Monday 18 November 2013

Abdicating power

The TUC claimed recently that low pay is costing the UK Treasury more than £3.2 billion in means tested benefits and tax credits, and called for the introduction of a living wage.  Well, they would say that, of course; but the argument that using tax revenues to top up wages of working people is an effective subsidy to underpaying companies is a compelling one.
Both the CBI and the FSB have responded – equally predictably, I suppose – by saying that businesses “can’t afford” to pay their employees a living wage.  In my mind, that simply raises a question as to whether the businesses concerned are actually economically viable concerns at all.
It isn’t just wages that are at issue here.  The same organisations complain – almost daily it seems – that they “can’t afford” to comply with environmental or health and safety legislation, and they “can’t afford” to pay business rates or other taxes.  What exactly can they afford?  Well, many of them seem to have no major problems in playing executive salaries – or shareholders’ dividends; but then that’s what they are in business for, not to pay their employees.
But here’s the thing – classical economics says that any company unable to charge a high enough price for its products and services to be able to pay its costs of production and still make a profit is simply not viable.  And surely, paying a wage which is adequate for employees to be able to live on without claiming benefits is – or should be – a basic minimum requirement when calculating the cost of production.  The fact that it clearly is not merely underlines where economic power actually lies.
The real question which needs to be addressed is about pricing, rather than cost.  Why is it that businesses are unable to charge prices at a level which enables them to cover the costs of production, rather than forcing down wages?
The answer they would give of course is “competition”.  They have to compete with other companies to sell their wares, and to do that they need to keep their prices down.  It’s another obvious conclusion of classical economics.  But the way they’re setting about ‘competing’ at present is little more than a race to the bottom.  And it's the employees who are paying the cost of that race.
There’s something of a vicious circle here.  They’re mostly competing with each other; the greatest rewards go to those who can most ruthlessly reduce the cost of labour.  If all of them had to pay a basic living wage, then they would all be subject to the same rules – and cost-cutting would have to focus elsewhere.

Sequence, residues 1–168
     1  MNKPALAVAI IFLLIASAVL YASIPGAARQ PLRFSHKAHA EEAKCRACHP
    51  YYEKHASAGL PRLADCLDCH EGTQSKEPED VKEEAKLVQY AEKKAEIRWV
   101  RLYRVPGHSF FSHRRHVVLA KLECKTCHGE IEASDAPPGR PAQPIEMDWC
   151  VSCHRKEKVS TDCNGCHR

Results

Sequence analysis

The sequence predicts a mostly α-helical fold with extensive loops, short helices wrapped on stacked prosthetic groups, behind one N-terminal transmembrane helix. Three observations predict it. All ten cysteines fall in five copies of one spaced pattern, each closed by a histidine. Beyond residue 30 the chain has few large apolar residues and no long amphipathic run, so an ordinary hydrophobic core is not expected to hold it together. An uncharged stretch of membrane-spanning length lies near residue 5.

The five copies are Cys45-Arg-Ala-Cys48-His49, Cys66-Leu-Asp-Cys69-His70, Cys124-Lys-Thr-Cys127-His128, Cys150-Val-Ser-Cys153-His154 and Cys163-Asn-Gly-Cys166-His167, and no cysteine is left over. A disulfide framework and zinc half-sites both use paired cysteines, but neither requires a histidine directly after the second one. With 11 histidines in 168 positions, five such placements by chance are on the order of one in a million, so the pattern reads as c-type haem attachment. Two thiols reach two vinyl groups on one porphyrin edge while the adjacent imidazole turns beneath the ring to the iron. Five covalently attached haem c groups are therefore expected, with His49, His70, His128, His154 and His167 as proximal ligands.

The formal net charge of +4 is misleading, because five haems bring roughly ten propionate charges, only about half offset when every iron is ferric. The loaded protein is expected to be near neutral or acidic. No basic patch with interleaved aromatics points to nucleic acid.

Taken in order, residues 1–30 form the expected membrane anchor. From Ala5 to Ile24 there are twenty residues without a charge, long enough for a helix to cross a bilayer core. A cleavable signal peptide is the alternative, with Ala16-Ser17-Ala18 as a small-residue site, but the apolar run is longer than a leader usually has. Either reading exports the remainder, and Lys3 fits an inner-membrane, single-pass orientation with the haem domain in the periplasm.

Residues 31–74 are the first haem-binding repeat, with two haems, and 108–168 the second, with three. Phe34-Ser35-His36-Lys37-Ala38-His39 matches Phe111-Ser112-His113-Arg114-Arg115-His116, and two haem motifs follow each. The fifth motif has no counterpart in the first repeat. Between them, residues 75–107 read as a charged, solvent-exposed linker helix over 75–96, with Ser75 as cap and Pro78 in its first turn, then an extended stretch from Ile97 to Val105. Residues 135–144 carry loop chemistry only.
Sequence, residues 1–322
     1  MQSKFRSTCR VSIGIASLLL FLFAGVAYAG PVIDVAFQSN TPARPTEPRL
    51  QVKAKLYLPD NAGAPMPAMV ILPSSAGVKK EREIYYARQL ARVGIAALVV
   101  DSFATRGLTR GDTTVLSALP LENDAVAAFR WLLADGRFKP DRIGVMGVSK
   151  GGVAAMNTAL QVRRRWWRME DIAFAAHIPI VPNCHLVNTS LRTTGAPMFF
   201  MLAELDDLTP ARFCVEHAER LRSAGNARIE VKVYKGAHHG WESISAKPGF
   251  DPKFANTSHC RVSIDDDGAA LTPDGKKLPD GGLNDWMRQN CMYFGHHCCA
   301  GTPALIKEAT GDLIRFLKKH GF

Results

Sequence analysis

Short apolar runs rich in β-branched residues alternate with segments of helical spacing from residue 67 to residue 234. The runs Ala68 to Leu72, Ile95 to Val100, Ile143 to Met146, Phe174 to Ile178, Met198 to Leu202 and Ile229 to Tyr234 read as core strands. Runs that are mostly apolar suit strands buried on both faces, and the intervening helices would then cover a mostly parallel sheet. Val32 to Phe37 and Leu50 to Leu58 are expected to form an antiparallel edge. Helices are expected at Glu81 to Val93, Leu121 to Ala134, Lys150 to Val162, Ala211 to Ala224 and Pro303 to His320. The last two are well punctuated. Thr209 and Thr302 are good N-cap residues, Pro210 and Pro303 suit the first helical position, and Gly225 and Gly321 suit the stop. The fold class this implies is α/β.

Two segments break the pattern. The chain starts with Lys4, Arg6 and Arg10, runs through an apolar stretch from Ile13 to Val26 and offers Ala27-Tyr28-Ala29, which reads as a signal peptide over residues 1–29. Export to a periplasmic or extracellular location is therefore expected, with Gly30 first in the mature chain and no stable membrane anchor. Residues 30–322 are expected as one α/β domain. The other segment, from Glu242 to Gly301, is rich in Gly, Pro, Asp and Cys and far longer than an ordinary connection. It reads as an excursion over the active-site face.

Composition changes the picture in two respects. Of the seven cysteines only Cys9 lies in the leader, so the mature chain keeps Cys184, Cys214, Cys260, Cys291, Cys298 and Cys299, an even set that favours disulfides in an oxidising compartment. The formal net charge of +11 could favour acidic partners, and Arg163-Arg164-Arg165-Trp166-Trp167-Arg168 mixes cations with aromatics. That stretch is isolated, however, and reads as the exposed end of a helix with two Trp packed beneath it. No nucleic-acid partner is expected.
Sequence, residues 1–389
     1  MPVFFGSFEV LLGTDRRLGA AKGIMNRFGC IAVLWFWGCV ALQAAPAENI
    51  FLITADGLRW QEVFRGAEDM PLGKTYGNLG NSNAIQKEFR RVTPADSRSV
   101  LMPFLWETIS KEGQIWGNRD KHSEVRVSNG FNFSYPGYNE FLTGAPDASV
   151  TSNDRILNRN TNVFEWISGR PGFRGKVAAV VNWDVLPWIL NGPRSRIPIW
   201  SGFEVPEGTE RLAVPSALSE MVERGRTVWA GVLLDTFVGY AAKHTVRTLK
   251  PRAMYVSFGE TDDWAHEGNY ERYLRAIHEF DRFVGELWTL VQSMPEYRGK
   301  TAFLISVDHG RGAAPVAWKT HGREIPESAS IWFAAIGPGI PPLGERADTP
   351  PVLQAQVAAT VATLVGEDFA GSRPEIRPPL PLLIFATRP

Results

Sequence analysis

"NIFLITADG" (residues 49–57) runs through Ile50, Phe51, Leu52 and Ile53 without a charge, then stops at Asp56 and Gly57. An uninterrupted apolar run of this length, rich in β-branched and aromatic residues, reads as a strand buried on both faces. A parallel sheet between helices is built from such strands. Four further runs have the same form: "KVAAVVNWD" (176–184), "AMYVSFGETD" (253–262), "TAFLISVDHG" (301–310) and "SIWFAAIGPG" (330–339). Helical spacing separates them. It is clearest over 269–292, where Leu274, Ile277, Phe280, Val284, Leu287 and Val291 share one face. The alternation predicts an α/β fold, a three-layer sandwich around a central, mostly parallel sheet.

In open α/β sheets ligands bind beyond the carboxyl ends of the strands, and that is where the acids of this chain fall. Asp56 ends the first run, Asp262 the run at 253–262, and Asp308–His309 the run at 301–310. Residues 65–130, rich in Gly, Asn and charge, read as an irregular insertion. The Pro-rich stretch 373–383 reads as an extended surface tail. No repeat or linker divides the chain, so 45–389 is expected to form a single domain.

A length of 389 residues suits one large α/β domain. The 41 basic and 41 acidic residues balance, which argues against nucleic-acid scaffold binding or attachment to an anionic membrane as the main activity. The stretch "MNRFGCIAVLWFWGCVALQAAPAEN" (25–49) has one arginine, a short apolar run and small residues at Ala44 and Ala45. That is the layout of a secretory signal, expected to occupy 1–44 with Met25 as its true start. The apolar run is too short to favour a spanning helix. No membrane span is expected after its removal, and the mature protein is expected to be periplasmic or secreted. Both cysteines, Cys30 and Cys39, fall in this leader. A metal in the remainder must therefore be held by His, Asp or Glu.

There is a complication when those companies are competing on a wider stage than merely the UK.  But allowing our wages to be set at a level which is primarily driven by competition with low-wage economies is just another example of abdicating responsibility and leaving power in the hands of multi-national capitalists rather than elected governments.


Anonymous said...

Have you ever run your own business and employed people to work for you? If so, you will know how difficult it is.

John Dixon said...

I don't doubt the difficulty, but being difficult is no excuse for not paying proper wages or avoiding other obligations.

Actually, I don't object to businesses receiving subsidies - with two caveats.

The first is that subsidies are open and honest and not disguised as things like 'working tax credits'; and the second is that those receiving subsidies don't try and pretend that they're running highly successful businesses and should be rewarded accordingly.

Spirit of BME said...

Reading this blog has a little bit of an “out of world experience” to the world of small /medium business that I come across?
The facts:
-Regulation in the real world really does add cost
-Price fixing by HMG (minimum wage) in some sectors makes it nearly impossible for some markets to grow.
-Suppliers and buyers are hanging on to money and causing all kinds of problems in the cash flow issues.
HMG has pumped vast amount of money into the banking system with a clear understanding that insolvent (in reality) companies should not be closed down in order to fake the data up to 2015 election and all of this is creating an artificial market place, which as the Blessed Adan Smith stated years ago, will not defy gravity for ever – believe me its tough out there.
Business is suffering from the lack of competitiveness as the buying power of the market has diminished, but real growth can only come from this sector and hand outs from taxpayers money is not the answer, growth will only come if this vital sector is cut free from the dead hand of regulation and reduce its overhead cost.

John Dixon said...

"pumped vast amount of money into the banking system with a clear understanding that insolvent (in reality) companies should not be closed down"

Isn't that, in reality, just another aspect of the point that I was making? Companies which are, in classical economic terms, unviable are being kept afloat by back-door subsidies - and those running them are not only pretending that they're profitable, they're taking their rewards on the basis of that pretence.

I don't doubt for one moment that "Regulation in the real world really does add cost". Protecting the environment has a cost; health and safety has a cost; paying decent wages has a cost. But these are costs faced by all businesses; they are part of the environment within which successful profitable businesses have to operate. And, if they can't operate in that environment (in the same was as they can't operate without the money being pumped into the banking system in your analysis), then let's stop pretending otherwise.